Which is it? Your Business or your Brand?
In this blog post, the CEO of Air Asia, Tony Fernandes, provocatively states that, “A company is only as good as its branding. Branding creates awareness, secures top-of-mind, builds affinity and customer loyalty.” Look, I’m in marketing AND I specialize in branding – the last thing I’m going to do is argue with a CEO who sees the critical importance of brand! And he’s right - if you don’t have a brand strategy that works, you’re going nowhere. To be successful, businesses need customers. No matter how great your business is, if you can't communicate it to others - through marketing, through advertising - then you're doomed to insignificance. BUT...
Your brand is only as good as your business!
This is what’s missing from this post. Yes, brand strategy is critical. A great logo or an impressive publicity stunt or a successful ad campaign are awesome and should be the goal of every marketing department because they can work. But there's a limit to what brand can do. Why? Because brand is what puts businesses at top of mind... but it’s the business that puts revenue on the books. And, to state it bluntly, if the business fails to put revenue on the books, there's no business to brand. As Mr. Fernandes points out, brand is what puts his business at top of mind. Yes. But being at top of mind isn't what closes the deal with his customers. It's the mix of product offerings, customer service, availability, price... that's what actually matters. That's what his customers are buying when they respond to his brand. And that's the business. Fail to deliver on those, as we all know, and the business fails. If I may torture the metaphor – the sizzle of the brand may cause potential customers to salivate, but if there's no steak on the plate – your customers are going to find someone else to sate their hunger. Bottom-line: when the business fails to deliver what the brand promised, the business fails.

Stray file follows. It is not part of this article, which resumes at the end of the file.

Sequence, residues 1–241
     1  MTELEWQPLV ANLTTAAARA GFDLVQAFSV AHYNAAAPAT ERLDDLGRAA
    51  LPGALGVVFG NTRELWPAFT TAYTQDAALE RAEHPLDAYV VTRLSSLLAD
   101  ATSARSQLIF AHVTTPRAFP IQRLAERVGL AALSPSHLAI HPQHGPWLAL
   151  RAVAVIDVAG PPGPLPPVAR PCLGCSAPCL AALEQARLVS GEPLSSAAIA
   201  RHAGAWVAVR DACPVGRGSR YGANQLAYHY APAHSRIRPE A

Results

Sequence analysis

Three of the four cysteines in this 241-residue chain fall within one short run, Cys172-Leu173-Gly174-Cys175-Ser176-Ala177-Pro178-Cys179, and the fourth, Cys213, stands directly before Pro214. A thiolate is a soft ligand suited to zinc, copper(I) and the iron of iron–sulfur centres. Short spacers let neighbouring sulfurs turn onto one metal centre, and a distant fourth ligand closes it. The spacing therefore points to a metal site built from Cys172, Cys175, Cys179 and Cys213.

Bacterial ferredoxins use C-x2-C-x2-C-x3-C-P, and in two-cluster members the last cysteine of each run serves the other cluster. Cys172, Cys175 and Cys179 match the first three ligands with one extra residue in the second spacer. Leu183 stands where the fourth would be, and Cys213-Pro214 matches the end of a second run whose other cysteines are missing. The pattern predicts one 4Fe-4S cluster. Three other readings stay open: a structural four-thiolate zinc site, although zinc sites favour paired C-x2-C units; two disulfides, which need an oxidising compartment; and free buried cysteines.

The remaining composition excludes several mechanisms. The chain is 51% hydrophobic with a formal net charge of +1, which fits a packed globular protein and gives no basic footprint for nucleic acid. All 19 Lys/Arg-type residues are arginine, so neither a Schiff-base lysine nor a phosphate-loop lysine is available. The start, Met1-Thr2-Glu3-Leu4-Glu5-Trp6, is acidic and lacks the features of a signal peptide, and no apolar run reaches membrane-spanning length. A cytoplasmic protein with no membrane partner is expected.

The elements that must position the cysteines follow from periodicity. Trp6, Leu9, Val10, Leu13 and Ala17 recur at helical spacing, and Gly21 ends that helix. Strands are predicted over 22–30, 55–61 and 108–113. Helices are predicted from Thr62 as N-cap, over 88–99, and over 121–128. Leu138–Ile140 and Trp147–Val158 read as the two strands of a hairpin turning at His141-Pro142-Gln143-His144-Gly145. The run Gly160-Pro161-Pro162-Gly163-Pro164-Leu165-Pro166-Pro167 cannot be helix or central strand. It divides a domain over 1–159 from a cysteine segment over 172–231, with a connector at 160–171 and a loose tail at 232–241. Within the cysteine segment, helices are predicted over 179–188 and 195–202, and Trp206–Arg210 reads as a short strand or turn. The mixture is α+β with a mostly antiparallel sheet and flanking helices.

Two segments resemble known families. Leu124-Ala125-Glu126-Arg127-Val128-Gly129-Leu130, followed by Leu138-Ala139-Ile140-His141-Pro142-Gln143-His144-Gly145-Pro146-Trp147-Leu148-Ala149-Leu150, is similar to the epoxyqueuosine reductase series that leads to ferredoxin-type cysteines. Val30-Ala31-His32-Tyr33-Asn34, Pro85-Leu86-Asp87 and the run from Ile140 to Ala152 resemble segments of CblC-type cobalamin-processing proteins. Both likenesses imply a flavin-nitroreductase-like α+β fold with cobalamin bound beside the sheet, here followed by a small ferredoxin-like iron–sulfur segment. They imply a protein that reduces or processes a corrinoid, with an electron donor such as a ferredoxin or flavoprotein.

The hard truth is that successful businesses need to execute!
In the social crush that is all about brand (and yes, I’m guilty of being part of that echo chamber!), business fundamentals have a tendency to get brushed aside. Why? Probably because executing on basic business fundamentals - supply chain and customer service and product development strategies - just isn't very sexy. Knowing why your business matters (or should matter) to its customers is hard work and potentially frustrating - especially if you don't really know. It's much more fun and a heck of a lot easier to talk about how a photo of Sir Richard Branson in a red flight attendant uniform is the reason you're successful!
But at the end of the day, the brands that are truly successful understand that executing on the business is what makes the brand possible. And I would bet that Mr. Fernandes would agree with me.
Agree? Disagree? Drop me a note and let me know!
advertising, branding, marketing